Genetic Tumor Testing For Treatment of Glioma


Components of the tests have been included in new brain tumor testing guidelines from national and international cancer-related associations, including the College of American Pathologists. "In the clinical trial of the panels, our genetic testing provided diagnostic and prognostic information that would not have been found otherwise for about 60% of trial participants," says Robert B. Jenkins, M.D., Ph.D., a medical geneticist and pathologist at the Mayo Clinic Cancer Center in Rochester, Minnesota.

 The genetic variability of glioma has made the identification of biomarkers a key component in developing a care plan. Mayo Clinic's panels, available through Mayo Clinic Laboratories, use targeted next-generation sequencing to evaluate mutations and rearrangements in 187 genes, including 104 fusions and 29 transcript variants.

The springboard for developing the tests was a groundbreaking Mayo Clinic study published in the June 25, 2015, issue of the New England Journal of Medicine that showed gliomas could be classified into five main groups based on three tumor biomarkers. At the time, Mayo Clinic used a next-generation sequencing test that examined 50 genes.

"We had no really broad panel to test all mutations and potential fusions in brain tumors," Dr. Jenkins says. With funding from the Centers for Medicare & Medicaid Services' Transforming Clinical Practice Initiative, Dr. Jenkins led a team of Mayo Clinic medical geneticists, neuropathologists, neuro-oncologists, neurosurgeons and radiation oncologists who built the testing panels. The tests were launched in 2018.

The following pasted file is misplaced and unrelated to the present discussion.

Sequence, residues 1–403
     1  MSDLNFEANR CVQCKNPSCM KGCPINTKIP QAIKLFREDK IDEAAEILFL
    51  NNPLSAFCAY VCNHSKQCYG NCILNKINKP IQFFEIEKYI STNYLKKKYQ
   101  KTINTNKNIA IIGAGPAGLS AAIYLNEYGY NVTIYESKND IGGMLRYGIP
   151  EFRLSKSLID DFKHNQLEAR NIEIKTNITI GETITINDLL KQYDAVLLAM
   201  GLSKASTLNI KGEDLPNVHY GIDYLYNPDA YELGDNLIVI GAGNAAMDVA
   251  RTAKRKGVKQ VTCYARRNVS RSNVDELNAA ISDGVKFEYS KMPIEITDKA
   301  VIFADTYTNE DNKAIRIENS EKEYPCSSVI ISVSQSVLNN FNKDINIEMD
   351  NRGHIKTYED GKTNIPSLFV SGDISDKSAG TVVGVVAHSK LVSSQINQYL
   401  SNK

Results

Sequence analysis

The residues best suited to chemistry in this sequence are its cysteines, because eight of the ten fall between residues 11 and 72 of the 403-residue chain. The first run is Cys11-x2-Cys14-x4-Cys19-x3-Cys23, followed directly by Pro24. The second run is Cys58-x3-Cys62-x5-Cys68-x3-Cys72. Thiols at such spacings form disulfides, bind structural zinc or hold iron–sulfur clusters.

Known as NONCP and CMAPT, the panels include genes that were believed at that time to have clinical significance but lacked official recognition. "We knew that new genetic markers were on the horizon, so we overbuilt NONCP in case those markers became relevant in the future," Dr. Jenkins says. One example is the cyclin-dependent kinase inhibitor 2A (CDKN2A) gene homozygous deletion, which is identified on Mayo Clinic's test panels.

"In the new version of World Health Organization criteria, CDKN2A loss will bump up a diagnosis from low-grade tumor to glioblastoma. That has profound implications for how we think about the disease and how we should treat it," says Terence (Terry) C. Burns, M.D., Ph.D., a neurosurgeon in the Brain Tumor Program at Mayo Clinic's campus in Minnesota. "Understanding the mutations that are present can also help us identify candidate biomarkers to figure out what a tumor is doing over time."

With the rapid pace of discovery of genes with clinical significance, Mayo Clinic researchers are working to update the panels. "We constantly think about how we can improve our service to provide the best information for doctors who care for patients with brain tumors," Dr. Jenkins says. "Translating research into care for patients is what the Mayo Neuro-Oncology Program does every day." The prediction of clinical behavior, response to therapy, and outcome of infiltrative glioma is challenging. On the basis of previous studies of tumor biology, we defined five glioma molecular groups with the use of three alterations: mutations in the TERT promoter, mutations in IDH, and codeletion of chromosome arms 1p and 19q (1p/19q codeletion). We tested the hypothesis that within groups based on these features, tumors would have similar clinical variables, acquired somatic alterations, and germline variants.

Among these molecular alterations, three are particularly noteworthy, because they occur early during glioma formation, are prevalent in glioma, or are strongly associated with overall survival. The first alteration to be identified was the codeletion of chromosome arms 1p and 19q (1p/19q codeletion), which is associated with the oligodendroglial histologic type and with sensitivity to chemotherapy with alkylating agents.

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